Cara Jade Myers, a member of the Kiowa and Wichita tribes, is an actor, writer, and 2020 fellow of the Native American Feature Film Writers Lab. This essay has been edited for clarity and brevity.
Growing up wasn’t easy. My parents were alcoholics and drug addicts with undiagnosed and untreated mental health issues. For me, movies were my escape. They showed me what life was like outside my abusive childhood and that the world was so much bigger than what I had known. They helped me believe that life could get better and that, in the end, the protagonist always succeeds and villain gets what they deserve.
As an adult, I’ve learned that these storytelling conventions don’t apply in the real world. The hero’s journey isn’t so linear. As humans, we are messy and flawed, and we don’t have a set story to follow, so we do the best we can.
I first planned on becoming an Egyptologist with an emphasis in astronomy. In college, I quickly realized that wasn’t my path; but I found myself lost as I worked to figure out how to leave my family situation behind. Then, I found acting.
Maybe since I grew up with nothing, I wasn’t afraid to risk everything; and maybe I was young enough to not fear the recklessness of following this uncertain career. Either way, my husband and I packed up our pups and moved to L.A.
There, I took multiple crew jobs to learn all I could about filmmaking. It was overwhelming, but I kept at it, consistently working and auditioning. Eventually, I got tired of seeing casting notices that read, “Hot young woman, doesn’t say much”; or, because I’m Native American—Kiowa and Wichita—ones that read, “Poor, young alcoholic mother, lives on rez, dealing with the trauma of…”
That’s when I started writing and falling in love with a new form of storytelling. I learned so much during that time; everything I wrote and read helped me become a better actor.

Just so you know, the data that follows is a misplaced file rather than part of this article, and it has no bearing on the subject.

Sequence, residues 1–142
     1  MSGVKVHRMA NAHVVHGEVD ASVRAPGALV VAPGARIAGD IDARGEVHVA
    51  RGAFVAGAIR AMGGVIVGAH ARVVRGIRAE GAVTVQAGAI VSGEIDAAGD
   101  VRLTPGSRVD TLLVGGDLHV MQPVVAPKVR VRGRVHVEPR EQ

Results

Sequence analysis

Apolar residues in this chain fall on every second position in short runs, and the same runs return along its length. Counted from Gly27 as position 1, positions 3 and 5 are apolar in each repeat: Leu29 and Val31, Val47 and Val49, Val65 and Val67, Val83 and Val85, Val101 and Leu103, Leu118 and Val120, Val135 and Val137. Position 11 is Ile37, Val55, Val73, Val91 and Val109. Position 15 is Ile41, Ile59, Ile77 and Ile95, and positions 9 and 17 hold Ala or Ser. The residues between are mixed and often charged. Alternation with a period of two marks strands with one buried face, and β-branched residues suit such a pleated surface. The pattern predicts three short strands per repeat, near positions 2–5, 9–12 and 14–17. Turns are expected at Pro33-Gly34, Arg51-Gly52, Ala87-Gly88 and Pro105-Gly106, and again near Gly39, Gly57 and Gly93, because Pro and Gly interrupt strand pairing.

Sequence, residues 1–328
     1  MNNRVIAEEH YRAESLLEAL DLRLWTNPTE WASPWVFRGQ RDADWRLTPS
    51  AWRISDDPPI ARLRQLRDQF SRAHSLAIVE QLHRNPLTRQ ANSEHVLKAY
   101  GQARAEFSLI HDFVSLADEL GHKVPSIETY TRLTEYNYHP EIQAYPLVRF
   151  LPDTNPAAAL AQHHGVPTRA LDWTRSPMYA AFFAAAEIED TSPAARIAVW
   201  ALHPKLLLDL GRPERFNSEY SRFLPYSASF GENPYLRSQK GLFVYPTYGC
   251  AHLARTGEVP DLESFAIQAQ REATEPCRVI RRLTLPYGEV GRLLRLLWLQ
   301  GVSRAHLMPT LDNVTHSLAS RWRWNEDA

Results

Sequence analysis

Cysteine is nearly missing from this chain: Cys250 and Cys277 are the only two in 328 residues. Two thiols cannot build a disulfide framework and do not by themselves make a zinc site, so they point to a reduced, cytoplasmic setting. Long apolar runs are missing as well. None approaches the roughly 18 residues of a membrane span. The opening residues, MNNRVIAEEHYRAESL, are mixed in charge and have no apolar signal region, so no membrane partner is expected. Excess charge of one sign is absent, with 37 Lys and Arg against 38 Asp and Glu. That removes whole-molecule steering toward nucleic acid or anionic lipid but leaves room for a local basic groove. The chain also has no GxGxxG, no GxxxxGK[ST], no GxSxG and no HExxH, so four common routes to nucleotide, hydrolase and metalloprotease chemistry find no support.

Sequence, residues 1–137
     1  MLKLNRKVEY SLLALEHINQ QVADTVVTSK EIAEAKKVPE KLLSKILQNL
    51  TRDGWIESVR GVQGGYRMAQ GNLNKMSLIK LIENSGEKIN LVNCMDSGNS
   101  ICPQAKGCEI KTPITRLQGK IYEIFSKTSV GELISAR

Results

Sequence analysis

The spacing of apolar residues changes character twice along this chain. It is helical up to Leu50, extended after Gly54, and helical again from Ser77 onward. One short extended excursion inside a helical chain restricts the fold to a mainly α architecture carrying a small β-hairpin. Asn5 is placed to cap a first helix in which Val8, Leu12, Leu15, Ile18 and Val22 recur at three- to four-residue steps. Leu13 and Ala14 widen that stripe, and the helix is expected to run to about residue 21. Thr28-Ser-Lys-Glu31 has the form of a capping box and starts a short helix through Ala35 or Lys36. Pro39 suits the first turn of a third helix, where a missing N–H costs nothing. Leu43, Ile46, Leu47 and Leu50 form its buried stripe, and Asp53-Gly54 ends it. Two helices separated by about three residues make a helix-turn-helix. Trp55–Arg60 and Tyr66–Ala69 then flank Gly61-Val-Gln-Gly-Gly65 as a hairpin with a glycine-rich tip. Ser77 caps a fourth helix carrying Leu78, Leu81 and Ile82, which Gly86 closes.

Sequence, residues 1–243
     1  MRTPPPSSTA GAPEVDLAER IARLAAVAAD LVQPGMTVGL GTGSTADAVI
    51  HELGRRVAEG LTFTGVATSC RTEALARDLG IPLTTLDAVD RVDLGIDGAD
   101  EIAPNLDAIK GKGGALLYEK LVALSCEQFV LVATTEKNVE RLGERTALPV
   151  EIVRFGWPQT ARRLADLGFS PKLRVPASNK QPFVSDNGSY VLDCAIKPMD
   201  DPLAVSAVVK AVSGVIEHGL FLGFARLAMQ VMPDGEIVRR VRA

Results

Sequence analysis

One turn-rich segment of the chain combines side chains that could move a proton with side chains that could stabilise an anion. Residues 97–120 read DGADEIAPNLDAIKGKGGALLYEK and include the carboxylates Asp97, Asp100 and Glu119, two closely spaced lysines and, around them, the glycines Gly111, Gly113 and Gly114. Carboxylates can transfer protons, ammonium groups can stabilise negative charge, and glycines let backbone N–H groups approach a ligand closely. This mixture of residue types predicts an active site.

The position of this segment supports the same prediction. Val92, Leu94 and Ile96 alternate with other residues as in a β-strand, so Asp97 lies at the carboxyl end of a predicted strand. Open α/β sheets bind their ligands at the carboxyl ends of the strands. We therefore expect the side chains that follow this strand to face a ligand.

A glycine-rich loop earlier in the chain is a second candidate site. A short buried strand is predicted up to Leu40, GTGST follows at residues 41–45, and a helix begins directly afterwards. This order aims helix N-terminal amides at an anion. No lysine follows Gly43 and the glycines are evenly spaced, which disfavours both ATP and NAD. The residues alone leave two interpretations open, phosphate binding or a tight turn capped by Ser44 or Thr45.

I was extremely fortunate to be a part of the Feature Film Writers Lab through the Native American Media Alliance. There, I found a Native community that felt unseen in the media that was determined to show the world that each tribe has their own beautiful and unique customs and traditions.
Today, I teach acting and filmmaking classes to youth on reservations. Oftentimes, our stories are told by non-Natives, and we’re shown as a monolith in buckskin, needing to be saved by the white man, or as the villains. However, master filmmakers are beginning to seek out our stories, and that’s one step closer toward Natives having a plethora of films and series about our lives, told by us.
In January 2020, I was prepared to quit acting and focus on my writing career. Then, an audition I thought I had lost in 2019 came back around. I couldn’t believe it. Next came a callback, followed by an audition with a legendary director. Next, I was in a Zoom room with four other women doing a chemistry read. Then I got the call: I had booked the job. I wish I remember what was said after “congratulations,” but I was crying too hard. It was a long, hard trek, but I had made it to the next part of my journey.
I believe if you work hard enough, are kind, and pursue your dreams relentlessly—no matter how long and nonlinear that road is—you will get there in the end.
This story originally appeared in the Oct. 19 issue of Backstage Magazine.